12) Be aware of your fidgets and don’t do them. (Playing with fingernails, biting inside of mouth, playing with your hair.)

13) For radio, know what type of format the program is: if it’s a hard news story, your interview will probably be brief and full of sound bites. For a talk-show format, you may need to fill 15-30 minutes with content. Make sure to be able to fill that time.

14) If you’re giving a radio interview by phone, stand up while talking! (Same works for phone job interviews.) It makes you more alert and helps your voice to carry clear and strong. Trust me, it’s obvious if you’re lying on the couch with your hand in a bag of Fritos.

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No Cards cover? Yikes, Sports Illustrated.

Update: As of 9:50 am 3:45 pm Friday, March 30, SI’s Facebook page still hasn’t officially said anything about the covers. Others, though, have posted on their wall, expressing their discontent. Many Louisville fans have said they’re canceling their subscriptions. Where are you on this, SI? There’s even a someecards about this!

The web is was abuzz this afternoon yesterday with the breaking news that Sports Illustrated created different covers to celebrate the NCAA Division I men’s basketball Final Four teams. Except there are three covers…and, well, four teams. The University of Louisville got left out.

[Disclaimer: I live in Kentucky, and I’m a U of L fan.]

That said: Come on, SI! The huge PR no no is that there’s no communication around this. As Eric Crawford (@ericcrawford), the Louisville Courier-Journal‘s sports columnist, blogged today March 29, yes, it’s in part a logistical and financial decision. SI publishes different covers for various U.S. regions with each issue (plus a national one), and “producing two covers for one region…really isn’t a good move financially.”

Why not combine the two teams on one cover? That seems like the logical solution if we’re looking at this in financial and logistical terms. Crawford agrees, as do a lot of folks on social media.

One tweeter captures my sentiments: “I think It’s pretty disrespectful to not have Louisville at least on the cover with Ky. Your marketing department dropped the ball.”

If you’re wondering why “Louisville” and “cover” are bolded, it’s because that’s the search term I used on Twitter to learn more about this. Hopefully, SI’s communication team is doing the same right now. A lot of tweets were found with those search terms.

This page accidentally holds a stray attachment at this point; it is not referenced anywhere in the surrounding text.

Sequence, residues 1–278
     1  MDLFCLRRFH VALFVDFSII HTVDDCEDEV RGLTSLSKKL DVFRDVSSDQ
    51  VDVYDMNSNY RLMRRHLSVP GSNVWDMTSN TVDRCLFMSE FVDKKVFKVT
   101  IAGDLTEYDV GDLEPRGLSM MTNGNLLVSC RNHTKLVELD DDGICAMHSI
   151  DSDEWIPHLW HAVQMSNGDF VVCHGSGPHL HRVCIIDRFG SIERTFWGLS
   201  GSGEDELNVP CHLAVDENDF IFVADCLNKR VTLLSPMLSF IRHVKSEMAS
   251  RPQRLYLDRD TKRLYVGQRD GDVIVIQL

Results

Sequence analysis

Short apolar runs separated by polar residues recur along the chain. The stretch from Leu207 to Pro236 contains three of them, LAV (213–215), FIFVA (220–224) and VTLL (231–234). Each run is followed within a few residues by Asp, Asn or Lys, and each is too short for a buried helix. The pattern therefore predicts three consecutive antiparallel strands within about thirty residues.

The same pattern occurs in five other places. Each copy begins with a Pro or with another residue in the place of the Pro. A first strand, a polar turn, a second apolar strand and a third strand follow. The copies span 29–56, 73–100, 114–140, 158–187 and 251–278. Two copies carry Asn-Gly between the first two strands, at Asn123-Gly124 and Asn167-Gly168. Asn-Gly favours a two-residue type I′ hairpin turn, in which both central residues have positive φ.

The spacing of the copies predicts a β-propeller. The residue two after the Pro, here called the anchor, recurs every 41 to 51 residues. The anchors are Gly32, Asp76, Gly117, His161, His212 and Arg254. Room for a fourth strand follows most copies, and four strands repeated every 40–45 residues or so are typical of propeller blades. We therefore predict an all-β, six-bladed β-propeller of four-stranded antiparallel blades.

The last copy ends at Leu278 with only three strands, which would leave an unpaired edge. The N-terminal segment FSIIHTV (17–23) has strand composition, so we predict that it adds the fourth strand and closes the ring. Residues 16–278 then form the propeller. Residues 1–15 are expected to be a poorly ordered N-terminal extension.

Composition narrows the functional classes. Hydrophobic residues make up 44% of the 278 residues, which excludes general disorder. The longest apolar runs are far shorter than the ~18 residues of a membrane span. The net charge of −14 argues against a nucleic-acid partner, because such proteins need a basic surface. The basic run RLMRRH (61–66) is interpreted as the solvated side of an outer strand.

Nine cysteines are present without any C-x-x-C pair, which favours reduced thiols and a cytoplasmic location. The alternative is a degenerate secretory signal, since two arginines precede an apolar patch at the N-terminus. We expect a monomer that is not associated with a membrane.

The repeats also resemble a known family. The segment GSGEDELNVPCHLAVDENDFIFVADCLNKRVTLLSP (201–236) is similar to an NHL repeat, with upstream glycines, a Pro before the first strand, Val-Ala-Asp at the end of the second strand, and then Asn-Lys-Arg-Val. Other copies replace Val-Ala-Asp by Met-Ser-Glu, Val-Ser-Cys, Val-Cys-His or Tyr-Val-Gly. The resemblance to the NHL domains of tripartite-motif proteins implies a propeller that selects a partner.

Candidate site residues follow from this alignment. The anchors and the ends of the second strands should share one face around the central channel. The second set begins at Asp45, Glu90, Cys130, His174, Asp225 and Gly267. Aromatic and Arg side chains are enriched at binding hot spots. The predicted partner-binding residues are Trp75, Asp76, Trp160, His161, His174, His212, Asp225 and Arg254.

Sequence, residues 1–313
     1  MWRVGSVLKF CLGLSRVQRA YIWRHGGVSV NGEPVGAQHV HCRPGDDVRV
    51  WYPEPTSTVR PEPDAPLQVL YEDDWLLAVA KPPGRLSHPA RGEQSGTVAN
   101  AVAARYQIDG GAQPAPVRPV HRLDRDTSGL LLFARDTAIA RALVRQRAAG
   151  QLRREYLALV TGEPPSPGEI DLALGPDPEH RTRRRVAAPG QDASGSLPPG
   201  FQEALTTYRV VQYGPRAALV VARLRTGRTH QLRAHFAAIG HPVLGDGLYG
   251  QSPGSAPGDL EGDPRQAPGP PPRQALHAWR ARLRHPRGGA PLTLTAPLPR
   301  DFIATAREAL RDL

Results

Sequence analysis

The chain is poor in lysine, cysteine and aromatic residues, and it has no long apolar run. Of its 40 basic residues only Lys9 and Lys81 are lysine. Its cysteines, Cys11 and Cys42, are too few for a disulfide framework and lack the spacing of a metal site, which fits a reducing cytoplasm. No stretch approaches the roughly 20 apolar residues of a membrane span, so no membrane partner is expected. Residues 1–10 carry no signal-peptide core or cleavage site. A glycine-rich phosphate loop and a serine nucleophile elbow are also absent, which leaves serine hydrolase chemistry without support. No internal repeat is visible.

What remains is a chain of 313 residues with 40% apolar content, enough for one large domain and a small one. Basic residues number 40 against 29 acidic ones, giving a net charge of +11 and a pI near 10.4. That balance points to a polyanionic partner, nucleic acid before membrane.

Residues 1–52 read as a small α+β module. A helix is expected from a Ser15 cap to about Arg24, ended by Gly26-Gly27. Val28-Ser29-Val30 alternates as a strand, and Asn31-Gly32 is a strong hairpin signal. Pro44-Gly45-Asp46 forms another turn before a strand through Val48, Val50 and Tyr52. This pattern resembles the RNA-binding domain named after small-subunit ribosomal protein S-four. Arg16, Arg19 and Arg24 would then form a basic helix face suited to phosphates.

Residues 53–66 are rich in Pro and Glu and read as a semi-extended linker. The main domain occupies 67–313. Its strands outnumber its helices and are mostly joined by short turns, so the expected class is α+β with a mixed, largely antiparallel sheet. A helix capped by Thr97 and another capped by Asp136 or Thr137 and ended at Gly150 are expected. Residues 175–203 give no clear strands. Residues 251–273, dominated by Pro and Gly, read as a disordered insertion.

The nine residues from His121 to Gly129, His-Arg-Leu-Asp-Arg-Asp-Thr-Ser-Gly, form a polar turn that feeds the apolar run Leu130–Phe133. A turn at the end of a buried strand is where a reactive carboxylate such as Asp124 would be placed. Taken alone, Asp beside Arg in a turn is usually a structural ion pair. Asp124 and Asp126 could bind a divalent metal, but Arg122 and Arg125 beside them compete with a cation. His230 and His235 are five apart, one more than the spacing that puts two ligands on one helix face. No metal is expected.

Interestingly, as of 3:06 pm this afternoon, SI hasn’t address this issue on their Facebook or Twitter accounts. I’m sure (I hope) that’ll change soon.

Back to solutions: Why not bite the financial bullet, and produce two covers for one region? SI understands and appreciates the historic significance of the University of Kentucky and University of Louisville rivalry and the importance of this Final Four match up (check out their story about it). There wouldn’t be any magazines left on newsstands across the state.

It’s hard to say why SI made this decision. It would be fascinating to know what went on during the editorial meeting where this was decided.

At the very least, SI’s media relations and social media folks need to be responding asap to what’s happening on the web right now. A #boycottSI hashtag isn’t a good way to go into this basketball weekend.

P.S.: Good article on this from The Bleacher Report.

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So you want to change careers to PR? Some helpful resources

Recently, a colleague asked if I would sit down with his daughter and talk to her about what I do: marketing, social media, public relations. She’s looking to change careers: this field intrigues her, and she has some entry-level experience. Of course I said yes!

In addition to telling her about my background, my experience, and the ins and outs of what I currently do, I gave her some resources. And I want to share those here:

The night before we talked, I made some notes of points I definitely wanted to touch upon. One thing I knew without hesitation was that she would be the proud recipient of my copy of David Meerman Scott’s The New Rules of Marketing and PR (2011 third edition). I told her: read this book, if you don’t get excited or intrigued about what’s being talked about, this isn’t the field for you.

I also recommended subscribing to resources from Ragan.comSmartbrief on Social Media, PR Wise group on LinkedIn, and The Skinny from PR News.

What else would you recommend for her?

Related posts:
So you want to study PR? Tips for college students

So you want to be in PR? Tips for soon-to-be college graduates